On to the courts of appeals...

An error in a jury verdict form under RC 2945.75(A)(2) can result in a defective verdict, but it doesn't result in a void sentence, the 6th District holds in State v. Henson... In State v. Owens, the defendant had raped a 73-year-old woman twice, then strangled her, resulting in convictions for aggravated murder, two counts of rape, and aggravated burglary. Without any discussion regarding whether the offenses are allied, the 9th District follows its policy of remanding the case back to the trial court for a Johnson analysis. Also noteworthy about the case is that the jury had recommended a death sentence, but the judge instead imposed life without parole... In State v. Drake, the defendant was stopped for a traffic violation, and gave the police somebody else's name and signed that name to citation. He argues that his conviction for identity fraud must fall because there's a separate statute, RC 4513.361, which prohibits giving a false name to a law enforcement officer who's issuing a traffic citation, and the specific statute controls over the general one of identity fraud. The 2nd District, for reasons which aren't entirely clear, rejects the argument...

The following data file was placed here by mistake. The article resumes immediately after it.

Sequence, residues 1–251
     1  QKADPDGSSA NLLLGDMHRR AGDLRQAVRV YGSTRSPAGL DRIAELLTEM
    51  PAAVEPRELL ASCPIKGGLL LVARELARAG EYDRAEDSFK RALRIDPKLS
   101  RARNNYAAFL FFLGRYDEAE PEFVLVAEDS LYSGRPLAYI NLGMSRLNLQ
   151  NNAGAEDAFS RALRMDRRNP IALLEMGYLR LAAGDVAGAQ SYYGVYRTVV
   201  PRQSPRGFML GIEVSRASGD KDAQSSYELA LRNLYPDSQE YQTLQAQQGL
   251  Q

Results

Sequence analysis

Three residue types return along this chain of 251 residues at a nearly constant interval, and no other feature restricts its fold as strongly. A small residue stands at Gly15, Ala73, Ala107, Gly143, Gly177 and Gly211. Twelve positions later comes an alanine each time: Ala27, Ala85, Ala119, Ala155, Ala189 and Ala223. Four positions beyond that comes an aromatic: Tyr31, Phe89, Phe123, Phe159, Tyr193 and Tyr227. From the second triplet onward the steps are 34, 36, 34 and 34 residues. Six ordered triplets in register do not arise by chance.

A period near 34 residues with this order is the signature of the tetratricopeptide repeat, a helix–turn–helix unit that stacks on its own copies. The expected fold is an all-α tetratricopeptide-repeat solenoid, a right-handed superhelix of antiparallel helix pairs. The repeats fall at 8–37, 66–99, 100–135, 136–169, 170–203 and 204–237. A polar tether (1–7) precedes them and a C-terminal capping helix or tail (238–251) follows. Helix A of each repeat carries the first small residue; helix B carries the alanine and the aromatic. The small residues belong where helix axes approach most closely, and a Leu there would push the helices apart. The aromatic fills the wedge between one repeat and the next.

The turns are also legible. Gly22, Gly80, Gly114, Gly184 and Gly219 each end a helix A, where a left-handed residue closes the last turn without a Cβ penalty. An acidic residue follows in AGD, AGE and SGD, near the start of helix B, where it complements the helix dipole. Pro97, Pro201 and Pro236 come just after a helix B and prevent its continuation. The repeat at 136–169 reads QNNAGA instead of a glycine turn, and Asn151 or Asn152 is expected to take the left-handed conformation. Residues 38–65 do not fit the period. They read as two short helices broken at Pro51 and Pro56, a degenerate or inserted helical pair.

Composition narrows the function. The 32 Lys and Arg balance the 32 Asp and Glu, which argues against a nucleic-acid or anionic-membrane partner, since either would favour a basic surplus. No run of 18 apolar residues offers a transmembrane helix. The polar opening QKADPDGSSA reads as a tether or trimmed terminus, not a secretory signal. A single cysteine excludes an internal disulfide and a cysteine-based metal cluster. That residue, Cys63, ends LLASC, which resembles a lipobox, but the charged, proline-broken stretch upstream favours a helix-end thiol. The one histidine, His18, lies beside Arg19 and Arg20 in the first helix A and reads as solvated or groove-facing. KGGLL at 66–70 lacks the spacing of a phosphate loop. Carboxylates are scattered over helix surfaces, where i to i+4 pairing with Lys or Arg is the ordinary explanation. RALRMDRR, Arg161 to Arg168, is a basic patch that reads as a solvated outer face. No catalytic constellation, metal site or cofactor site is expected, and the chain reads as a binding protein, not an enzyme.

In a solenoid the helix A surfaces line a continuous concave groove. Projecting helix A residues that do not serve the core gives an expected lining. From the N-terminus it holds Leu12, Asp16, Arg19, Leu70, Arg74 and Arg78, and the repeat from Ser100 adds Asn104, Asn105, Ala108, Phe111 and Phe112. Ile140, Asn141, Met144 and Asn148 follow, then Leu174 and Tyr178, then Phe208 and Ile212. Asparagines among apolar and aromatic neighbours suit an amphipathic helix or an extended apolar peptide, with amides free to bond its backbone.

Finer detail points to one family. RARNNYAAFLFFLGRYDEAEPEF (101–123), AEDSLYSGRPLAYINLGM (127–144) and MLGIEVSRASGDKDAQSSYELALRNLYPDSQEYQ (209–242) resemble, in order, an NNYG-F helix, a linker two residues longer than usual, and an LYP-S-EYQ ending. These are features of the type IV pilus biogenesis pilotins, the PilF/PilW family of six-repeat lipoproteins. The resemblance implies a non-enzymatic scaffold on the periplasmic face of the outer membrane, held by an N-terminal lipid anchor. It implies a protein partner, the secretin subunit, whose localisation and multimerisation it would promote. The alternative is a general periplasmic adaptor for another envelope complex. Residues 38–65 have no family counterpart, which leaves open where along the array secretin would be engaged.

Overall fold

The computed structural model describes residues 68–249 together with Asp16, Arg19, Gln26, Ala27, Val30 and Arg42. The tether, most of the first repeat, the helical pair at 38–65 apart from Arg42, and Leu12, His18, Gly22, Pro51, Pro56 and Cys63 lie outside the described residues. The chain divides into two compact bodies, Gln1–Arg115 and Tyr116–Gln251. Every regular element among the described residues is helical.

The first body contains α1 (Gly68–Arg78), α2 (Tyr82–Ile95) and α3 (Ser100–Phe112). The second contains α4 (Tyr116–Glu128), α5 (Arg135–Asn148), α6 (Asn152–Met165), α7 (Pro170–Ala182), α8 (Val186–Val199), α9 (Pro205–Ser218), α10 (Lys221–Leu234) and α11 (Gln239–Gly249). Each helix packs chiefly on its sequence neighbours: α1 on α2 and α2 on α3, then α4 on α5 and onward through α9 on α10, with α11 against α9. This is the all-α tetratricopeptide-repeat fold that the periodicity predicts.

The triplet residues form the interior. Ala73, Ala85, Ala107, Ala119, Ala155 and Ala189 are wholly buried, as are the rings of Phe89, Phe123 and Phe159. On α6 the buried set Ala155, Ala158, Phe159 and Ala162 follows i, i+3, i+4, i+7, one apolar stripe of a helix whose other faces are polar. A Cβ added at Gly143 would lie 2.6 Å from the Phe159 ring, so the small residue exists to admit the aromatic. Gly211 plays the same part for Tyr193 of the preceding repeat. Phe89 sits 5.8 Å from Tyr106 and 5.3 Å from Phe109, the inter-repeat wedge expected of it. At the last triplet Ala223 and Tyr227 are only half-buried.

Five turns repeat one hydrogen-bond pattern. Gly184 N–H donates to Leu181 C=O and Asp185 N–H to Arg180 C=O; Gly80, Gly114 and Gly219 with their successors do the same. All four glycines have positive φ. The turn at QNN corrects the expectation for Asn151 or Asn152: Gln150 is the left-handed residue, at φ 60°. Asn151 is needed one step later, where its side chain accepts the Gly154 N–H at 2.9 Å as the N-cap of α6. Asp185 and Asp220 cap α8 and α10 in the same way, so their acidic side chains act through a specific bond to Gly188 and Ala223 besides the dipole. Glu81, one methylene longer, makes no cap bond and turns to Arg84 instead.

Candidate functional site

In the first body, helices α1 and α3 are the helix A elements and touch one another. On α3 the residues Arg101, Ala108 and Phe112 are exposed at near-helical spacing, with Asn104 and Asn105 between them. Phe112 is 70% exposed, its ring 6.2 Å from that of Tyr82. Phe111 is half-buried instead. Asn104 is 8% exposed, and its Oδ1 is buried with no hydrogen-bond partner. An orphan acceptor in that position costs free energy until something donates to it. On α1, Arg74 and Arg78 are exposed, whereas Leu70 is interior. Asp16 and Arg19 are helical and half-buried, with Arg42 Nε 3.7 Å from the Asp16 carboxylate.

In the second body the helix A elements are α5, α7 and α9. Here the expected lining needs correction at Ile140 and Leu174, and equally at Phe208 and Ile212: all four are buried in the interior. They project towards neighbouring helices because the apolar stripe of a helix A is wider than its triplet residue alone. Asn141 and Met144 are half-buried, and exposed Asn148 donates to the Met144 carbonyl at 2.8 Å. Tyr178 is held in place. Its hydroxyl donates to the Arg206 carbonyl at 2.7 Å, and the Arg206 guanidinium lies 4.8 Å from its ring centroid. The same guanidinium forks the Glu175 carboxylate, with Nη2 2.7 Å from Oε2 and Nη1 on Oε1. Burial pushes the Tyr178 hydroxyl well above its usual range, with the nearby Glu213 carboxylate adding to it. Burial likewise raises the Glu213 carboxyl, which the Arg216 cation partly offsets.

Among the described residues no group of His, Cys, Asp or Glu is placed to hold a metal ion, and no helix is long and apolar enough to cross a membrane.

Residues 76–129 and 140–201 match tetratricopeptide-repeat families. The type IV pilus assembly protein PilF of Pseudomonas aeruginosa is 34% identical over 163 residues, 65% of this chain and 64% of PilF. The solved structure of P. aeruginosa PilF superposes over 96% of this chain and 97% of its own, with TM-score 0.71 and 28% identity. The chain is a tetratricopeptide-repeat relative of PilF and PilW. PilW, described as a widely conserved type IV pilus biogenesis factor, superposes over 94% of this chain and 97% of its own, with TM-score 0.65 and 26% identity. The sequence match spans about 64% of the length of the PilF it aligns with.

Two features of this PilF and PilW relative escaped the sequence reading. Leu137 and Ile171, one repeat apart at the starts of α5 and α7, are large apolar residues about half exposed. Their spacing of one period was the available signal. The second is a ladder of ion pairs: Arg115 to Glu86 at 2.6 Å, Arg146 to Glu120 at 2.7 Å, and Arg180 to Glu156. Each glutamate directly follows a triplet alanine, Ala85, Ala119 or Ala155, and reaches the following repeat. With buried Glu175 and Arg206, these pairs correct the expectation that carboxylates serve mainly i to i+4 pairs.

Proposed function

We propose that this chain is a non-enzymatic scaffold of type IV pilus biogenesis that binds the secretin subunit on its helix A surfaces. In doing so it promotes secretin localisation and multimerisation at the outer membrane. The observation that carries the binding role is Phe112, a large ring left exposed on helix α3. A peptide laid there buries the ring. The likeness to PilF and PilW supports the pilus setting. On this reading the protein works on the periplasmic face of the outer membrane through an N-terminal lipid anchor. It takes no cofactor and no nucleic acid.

In State v. Anderson, the 9th District reverses a conviction for burglary, finding that the house was not an "occupied structure." Case law has found houses to be "occupied" where the occupant is not present, even for extended times, like a vacation, or when the property is vacant because repairs are being done to it. Here, though, the property had been condemned by the city and listed as uninhabitable. The majority rejects the dissent's argument that the house is an occupied structure as long as its "continuing purpose" is residential... In State v. Pore, the defendant had deceptively gained entrance to the victim's home, moved her from the kitchen to the bedroom at knifepoint, then to the living room to lock the door, then back to the bedroom to commit a rape. The 5th District finds that the aggravated burglary was complete when the defendant gained entrance to the home, and so is not an allied offense; the kidnapping was merely incidental to the rape, though, and so those offenses merge...

Turn and cough. In State v. Purley, the defendant claims the police were a tad too diligent in their patdown of him for weapons following a traffic stop. The officer testified that when he felt appellant's "groin rear buttocks area," he detected what he believed to be a bag with drugs. With a bit of help from Purley, he retrieved two baggies of crack -- no pun intended -- from Purley's pants. Purley argues that this constituted a "strip search" under RC 2933.32, which contains everything you ever wanted to know, and much that you didn't, about how strip searches are to be conducted in Ohio. The 6th District finds the "manual inspection of the proscribed area" to be "an arguable violation," but holds that a violation of the statute doesn't mean it's a violation of the 4th Amendment, so the search was proper.